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UK waged ‘black propaganda’ campaign against USSR and China – declassified documents – Reuters


London has sought for decades to drive a wedge between Moscow, Beijing, the Arab world and Africa through fake news, researcher says

A secret unit within the British Foreign Office conducted a “black propaganda” campaign against the USSR and China from the 1950s to the 1970s to undermine their global influence, the Guardian reported, citing a researcher who studied a trove of recently declassified intelligence documents. London did not shy away from stoking anti-Semitism, racism and Islamist sentiment to achieve its goals, the academic claims.

“These outings are among the largest of the past two decades. It is very clear now that the UK engaged in more black propaganda than historians assume and that these efforts were more systemic, ambitious and offensive. Rory Cormac, professor of international relations at the University of Nottingham, told the Guardian.

According to the newspaper, the documents reveal “hundreds of extensive and costly operations” conducted by the Information Research Department (IRD) – a secret unit originally created by the Labor government after World War II to counter communist propaganda. unit “went far beyond simply exposing Soviet disinformation”, Cormac said, adding that the UK “definitely intended to mislead the public in order to get the message across.”


The IRD had a very secret special editorial unit, in charge of so-called “black propaganda” a special type of fake news designed to look like it’s produced by a nation or organization that the real creator wants to discredit.

Some “reports” sent to Western governments and media included analyzes purported to come from independent institutions, which were secretly run by the IRD, and warned Western nations against alleged “Soviet Subversion. The British unit also falsified at least 11 reports allegedly published by Soviet state news agencies, according to the Guardian.

London particularly sought to drive a wedge between Moscow and its allies in the Arab world by both producing fake news discrediting the Soviet Union in the eyes of Arabs and stoking Islamist sentiment among them, according to the newspaper. One such report, presented as coming from the USSR, castigated Soviet military aid to Egypt during the 1967 Six-Day War with Israel as a “waste.” British agents also forged pro-Islamist literature, including that of the Muslim Brotherhood – a group that had significant influence in the Arab world at this time.

IRD-forged statements saw the Muslim Brotherhood call out the Soviets “dirty-tongued atheists” and accused them of perceiving the Egyptians as “peasants” Following “reactionary Islamic superstitions”. The IRD also went so far as to create an entirely fictitious Islamist group – the League of Believers – which attacked the Soviet Union for its atheism and blamed Arab defeats in wars against Israel on a lack of faith.


British propaganda campaign incited mass massacre of communists in Indonesia in 1960s, declassified newspapers reveal

British unity would not have hesitated to stir up anti-Semitic sentiment as well. One of his leaflets urged Egyptians to attack Israel by asking them: “Why don’t they direct their armies against the Jews?

The IRD was also active in Africa, where it repeatedly sought to convey an image of the Soviet Union viewing Africans as uncivilized. In 1963, the IRD forged a statement from the World Federation of Democratic Youth – an organization linked to the USSR – which called on Africans “primitive.” Other forgeries included statements in which the Soviets denounced “delay” and “political immaturity” of Africa, while criticizing the skills of black African students enrolled in Soviet universities.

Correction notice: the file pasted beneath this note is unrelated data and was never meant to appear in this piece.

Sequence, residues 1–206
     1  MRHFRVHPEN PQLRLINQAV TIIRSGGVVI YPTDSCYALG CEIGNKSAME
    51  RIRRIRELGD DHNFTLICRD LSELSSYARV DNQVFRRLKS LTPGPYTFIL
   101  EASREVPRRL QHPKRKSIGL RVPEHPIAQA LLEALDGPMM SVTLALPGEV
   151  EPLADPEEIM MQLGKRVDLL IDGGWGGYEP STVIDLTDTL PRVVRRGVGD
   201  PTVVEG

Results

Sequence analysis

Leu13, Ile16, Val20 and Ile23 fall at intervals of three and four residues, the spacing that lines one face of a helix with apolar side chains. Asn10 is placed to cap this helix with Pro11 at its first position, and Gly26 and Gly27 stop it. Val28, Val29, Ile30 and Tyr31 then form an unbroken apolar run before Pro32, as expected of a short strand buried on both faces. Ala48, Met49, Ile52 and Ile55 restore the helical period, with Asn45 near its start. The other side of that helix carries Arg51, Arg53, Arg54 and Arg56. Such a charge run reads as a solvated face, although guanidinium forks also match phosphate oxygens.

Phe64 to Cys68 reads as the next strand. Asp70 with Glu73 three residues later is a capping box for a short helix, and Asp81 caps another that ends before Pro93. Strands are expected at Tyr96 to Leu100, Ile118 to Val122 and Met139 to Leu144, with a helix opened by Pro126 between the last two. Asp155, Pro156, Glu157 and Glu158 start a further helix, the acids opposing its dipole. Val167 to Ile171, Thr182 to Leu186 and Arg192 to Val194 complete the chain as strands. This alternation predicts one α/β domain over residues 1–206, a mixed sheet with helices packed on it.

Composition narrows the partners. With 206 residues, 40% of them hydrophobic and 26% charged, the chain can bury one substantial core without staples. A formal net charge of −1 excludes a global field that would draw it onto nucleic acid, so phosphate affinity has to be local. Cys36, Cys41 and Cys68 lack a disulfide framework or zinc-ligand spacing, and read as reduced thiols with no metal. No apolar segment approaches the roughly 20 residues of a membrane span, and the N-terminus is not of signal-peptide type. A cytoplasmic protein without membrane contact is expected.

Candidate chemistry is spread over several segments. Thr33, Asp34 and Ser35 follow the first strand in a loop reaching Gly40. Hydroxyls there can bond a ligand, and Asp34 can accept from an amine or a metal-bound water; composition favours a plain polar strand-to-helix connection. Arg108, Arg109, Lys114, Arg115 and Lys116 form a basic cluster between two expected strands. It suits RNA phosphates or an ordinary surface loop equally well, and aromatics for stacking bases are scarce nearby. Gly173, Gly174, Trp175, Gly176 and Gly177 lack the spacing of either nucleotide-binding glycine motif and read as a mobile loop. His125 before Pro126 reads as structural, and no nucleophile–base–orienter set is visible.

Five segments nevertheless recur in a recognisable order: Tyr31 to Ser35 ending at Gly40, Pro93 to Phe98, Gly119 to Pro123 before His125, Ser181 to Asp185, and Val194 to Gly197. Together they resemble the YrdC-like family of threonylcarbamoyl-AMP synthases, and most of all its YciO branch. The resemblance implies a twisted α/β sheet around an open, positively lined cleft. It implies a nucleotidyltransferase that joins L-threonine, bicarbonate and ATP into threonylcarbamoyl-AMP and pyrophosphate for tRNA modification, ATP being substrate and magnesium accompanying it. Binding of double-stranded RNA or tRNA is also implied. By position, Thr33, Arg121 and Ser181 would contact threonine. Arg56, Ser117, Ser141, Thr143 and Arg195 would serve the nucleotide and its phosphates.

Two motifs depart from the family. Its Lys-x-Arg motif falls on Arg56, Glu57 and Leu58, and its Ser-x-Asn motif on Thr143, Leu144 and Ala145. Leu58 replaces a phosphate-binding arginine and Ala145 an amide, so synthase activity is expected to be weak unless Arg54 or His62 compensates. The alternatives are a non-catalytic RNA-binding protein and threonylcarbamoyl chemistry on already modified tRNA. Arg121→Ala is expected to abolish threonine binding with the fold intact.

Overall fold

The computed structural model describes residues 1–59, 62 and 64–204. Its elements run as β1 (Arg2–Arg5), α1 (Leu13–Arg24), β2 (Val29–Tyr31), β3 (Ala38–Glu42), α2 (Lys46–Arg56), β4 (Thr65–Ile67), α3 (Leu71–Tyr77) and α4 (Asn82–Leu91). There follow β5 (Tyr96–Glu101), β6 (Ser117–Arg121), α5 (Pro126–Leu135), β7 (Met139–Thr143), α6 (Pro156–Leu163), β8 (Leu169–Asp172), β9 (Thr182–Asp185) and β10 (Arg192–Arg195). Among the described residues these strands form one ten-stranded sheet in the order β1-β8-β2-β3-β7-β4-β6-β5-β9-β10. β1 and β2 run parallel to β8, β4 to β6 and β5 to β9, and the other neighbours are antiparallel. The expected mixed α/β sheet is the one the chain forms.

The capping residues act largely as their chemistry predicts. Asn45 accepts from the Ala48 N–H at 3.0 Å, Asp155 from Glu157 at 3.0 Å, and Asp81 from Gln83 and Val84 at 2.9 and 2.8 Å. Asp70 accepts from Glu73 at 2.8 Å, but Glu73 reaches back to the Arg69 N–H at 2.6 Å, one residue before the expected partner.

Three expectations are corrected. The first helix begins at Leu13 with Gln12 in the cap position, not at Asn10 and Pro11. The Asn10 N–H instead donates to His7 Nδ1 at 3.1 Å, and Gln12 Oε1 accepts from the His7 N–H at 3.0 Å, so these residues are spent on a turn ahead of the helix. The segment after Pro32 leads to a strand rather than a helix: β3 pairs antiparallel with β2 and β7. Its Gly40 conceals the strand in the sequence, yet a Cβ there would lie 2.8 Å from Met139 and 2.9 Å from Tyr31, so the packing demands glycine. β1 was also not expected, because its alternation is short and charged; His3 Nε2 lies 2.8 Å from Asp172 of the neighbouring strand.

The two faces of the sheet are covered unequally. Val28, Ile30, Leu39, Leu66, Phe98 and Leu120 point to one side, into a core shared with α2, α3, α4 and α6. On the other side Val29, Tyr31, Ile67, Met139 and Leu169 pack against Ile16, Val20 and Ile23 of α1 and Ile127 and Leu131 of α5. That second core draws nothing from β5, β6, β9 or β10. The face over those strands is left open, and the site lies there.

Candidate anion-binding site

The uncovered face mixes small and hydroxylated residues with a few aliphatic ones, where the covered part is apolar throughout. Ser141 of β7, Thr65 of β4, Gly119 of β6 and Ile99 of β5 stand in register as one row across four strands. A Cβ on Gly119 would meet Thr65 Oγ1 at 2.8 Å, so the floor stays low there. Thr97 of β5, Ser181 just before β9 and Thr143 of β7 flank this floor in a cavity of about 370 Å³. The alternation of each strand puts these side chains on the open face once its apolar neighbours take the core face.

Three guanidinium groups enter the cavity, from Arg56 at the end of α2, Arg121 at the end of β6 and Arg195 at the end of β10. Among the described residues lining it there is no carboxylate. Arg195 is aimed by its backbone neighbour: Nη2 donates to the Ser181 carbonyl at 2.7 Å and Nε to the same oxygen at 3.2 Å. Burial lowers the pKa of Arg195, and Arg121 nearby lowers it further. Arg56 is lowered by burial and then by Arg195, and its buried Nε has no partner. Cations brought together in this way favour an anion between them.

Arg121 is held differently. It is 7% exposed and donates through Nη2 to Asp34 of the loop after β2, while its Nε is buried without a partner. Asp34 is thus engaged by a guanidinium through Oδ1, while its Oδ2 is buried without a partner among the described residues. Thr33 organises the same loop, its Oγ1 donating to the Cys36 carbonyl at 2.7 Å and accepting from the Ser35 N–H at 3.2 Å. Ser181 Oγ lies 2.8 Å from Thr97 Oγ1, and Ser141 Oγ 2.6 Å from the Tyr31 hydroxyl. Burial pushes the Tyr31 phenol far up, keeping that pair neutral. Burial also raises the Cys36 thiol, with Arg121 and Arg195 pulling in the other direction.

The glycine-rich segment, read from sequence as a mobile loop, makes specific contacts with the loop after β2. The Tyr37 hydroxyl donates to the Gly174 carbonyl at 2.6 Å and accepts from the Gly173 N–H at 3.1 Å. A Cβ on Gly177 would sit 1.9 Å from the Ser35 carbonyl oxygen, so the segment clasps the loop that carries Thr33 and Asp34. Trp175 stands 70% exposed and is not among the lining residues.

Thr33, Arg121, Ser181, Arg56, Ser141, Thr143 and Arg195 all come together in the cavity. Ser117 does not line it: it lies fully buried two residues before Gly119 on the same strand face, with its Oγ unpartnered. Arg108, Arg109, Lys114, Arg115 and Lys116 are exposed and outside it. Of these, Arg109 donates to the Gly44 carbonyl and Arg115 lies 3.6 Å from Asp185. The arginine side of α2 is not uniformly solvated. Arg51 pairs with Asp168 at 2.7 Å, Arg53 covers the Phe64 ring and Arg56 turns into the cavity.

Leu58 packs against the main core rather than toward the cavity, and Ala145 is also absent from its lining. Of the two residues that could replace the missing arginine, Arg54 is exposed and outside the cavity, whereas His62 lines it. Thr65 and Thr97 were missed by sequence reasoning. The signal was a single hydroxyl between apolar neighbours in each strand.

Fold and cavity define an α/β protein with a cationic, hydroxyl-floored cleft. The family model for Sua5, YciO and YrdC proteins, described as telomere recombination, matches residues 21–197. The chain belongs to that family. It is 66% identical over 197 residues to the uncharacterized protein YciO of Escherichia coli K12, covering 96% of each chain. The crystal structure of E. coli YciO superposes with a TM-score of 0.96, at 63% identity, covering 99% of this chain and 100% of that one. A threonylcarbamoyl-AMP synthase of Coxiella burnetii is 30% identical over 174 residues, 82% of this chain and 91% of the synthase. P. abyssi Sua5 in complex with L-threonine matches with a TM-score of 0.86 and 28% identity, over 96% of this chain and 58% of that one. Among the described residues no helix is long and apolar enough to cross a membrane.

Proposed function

Documents declassified in 2021 and seen by the Guardian also showed that the British propaganda campaign played a role in the mass slaughter of Communists in Indonesia in the 1960s. Between 500,000 and three million Communist Party supporters were killed around this time, according to various estimates.

These efforts have received the full support of several consecutive British governments, according to Cormac. In 1964, Conservative Prime Minister Alec Douglas-Home ordered the IRD to target Ghana because of its supposed leanings towards Moscow. Months later, Labor Foreign Secretary Patrick Gordon Walker called on the unit to produce black propaganda “from time to time” and particularly fuel racial tensions between Africans and Chinese.


British Cold War-style psyop unit targets Russians – media

Although the unit was officially disbanded in 1977, similar efforts would have continued for almost another decade, according to the Guardian. Today, the British government is still engaged in a “information warfare” according to Cormac.

In February, a few days before the start of the Russian military operation in Ukraine, British Foreign Secretary Liz Truss revealed that the United Kingdom was creating a new unit to fight “disinformation” From Moscow. In March, the Telegraph reported that the unit dubbed the government’s information cell was reaching Russian social media to spread London’s views on the conflict in Ukraine.

“Liz Truss has a ‘Government Information Cell,’ and Defense Intelligence tweets daily about Russian ‘pre-but’ plots and gaining the upper hand in the information war, but for much of the cold war, the UK used much more underhanded means”, the researcher said, adding that the declassified documents are “particularly important as a precursor to more modern efforts to bring intelligence into the public domain.”

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